The index shows the average list price of a new car in Britain rose by 2.6% last year, compared to 4.7% in 2003.
However, a much larger fall in registrations is forecast for 2005.
PricewaterhouseCoopers’ UK automotive leader Chris Hibbs says: “The lost revenue from new car sales in the UK – if registrations fall as far as predicted – would be more than £1 billion.
With a large number of new models due out in 2005 and continuing intense competition for market share, we expect the trend for discounts and incentives for car buyers to continue and for list prices to rise slowly, if at all, in real terms.”
Recent Government figures show that households spent 1% more on buying used cars in 2003 than they did in 2000. In contrast, they spent 43% more on new cars although the number of new cars registered went up by 26% over the same period.
"Although this difference implies that the level of price discounting has not damaged car industry sales revenues, the majority of cars were manufactured outside the UK, so the manufacturers' return was affected by exchange rates.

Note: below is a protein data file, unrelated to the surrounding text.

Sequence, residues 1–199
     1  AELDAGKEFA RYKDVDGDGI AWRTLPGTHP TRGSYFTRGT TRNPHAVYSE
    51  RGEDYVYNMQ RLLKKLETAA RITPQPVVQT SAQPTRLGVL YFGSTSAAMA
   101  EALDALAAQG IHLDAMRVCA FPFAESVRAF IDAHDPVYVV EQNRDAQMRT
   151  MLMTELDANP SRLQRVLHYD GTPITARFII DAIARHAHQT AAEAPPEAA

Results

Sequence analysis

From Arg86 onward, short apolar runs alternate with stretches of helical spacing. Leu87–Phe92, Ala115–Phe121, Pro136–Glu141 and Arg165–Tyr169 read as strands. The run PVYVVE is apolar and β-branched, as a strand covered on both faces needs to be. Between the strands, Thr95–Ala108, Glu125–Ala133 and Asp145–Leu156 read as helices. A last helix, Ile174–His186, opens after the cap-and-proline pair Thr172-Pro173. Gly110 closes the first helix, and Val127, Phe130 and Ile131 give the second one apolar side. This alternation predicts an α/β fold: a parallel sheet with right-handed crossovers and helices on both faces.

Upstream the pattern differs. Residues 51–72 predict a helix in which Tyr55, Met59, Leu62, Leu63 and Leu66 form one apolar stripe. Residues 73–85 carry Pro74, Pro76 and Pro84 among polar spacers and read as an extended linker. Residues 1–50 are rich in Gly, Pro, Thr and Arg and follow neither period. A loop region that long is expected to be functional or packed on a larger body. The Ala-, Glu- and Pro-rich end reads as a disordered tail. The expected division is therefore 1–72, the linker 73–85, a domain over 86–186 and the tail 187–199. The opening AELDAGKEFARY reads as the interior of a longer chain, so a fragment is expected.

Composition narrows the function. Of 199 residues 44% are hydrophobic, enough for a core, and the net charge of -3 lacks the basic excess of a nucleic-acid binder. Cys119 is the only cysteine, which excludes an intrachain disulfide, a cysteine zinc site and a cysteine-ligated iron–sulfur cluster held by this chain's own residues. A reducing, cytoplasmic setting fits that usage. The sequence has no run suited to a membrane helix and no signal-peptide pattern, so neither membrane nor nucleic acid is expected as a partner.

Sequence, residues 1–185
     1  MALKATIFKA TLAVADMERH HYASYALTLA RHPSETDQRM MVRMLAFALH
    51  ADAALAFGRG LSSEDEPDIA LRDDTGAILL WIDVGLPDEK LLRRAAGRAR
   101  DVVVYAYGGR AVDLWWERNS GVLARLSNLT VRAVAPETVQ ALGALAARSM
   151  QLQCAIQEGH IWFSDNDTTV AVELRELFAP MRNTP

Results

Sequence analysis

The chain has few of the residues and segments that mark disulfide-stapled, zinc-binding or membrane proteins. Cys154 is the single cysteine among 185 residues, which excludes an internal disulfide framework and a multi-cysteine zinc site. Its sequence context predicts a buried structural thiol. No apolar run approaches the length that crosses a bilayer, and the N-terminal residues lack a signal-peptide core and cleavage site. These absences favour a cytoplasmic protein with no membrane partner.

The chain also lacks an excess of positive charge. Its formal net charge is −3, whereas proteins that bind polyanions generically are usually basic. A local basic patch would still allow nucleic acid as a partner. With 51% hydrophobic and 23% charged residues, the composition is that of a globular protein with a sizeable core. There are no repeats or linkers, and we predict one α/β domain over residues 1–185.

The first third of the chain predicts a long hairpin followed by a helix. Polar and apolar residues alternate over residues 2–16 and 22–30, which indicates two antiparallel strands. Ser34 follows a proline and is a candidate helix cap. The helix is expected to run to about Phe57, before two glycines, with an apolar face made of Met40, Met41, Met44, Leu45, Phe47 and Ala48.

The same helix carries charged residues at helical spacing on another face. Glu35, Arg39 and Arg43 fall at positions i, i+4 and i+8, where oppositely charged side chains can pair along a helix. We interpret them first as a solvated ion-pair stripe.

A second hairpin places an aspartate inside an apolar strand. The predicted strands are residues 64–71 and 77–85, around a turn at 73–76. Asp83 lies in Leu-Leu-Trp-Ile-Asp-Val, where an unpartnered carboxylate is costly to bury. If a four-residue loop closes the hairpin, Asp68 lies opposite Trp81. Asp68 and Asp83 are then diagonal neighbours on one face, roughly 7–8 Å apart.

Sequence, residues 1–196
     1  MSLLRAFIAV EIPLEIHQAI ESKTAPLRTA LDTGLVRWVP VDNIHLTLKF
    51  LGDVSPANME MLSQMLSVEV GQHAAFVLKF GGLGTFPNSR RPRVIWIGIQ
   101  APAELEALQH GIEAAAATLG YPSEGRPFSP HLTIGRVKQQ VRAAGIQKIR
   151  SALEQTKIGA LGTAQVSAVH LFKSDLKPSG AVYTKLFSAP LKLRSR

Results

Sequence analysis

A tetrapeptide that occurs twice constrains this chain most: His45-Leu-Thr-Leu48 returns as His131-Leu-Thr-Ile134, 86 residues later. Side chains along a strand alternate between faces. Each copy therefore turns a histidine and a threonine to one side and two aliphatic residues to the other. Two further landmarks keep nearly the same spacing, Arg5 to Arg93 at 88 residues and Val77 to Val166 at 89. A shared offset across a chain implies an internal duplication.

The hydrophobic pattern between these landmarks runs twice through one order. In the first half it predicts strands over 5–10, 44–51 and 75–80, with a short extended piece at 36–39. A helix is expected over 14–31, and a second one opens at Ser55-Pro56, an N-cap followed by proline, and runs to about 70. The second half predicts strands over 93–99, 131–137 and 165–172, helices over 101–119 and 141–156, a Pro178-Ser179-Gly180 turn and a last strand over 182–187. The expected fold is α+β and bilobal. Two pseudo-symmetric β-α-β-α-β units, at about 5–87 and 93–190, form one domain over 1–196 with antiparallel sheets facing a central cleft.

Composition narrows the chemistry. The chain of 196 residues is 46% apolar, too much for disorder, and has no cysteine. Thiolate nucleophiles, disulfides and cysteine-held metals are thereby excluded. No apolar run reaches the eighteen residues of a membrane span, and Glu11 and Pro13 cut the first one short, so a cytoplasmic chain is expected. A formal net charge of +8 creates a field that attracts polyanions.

The significant weakening of the Pound against the euro since 2000 has reduced carmakers' revenues despite the buoyant UK sales picture.”
The New Car Price Index also reports that pre-tax car prices in the UK rose by 2% last year, compared to 3.1% in 2003. The rate of pre-tax price increases fell from 1.7% to 1.3% during 2004.
The weakening of the Pound against the euro has produced some compensation for UK car buyers. In June 2004, UK new car prices were 6% higher than the average for countries in the euro zone. In December, UK prices were only 1% above the same average despite a slight strengthening of the Pound.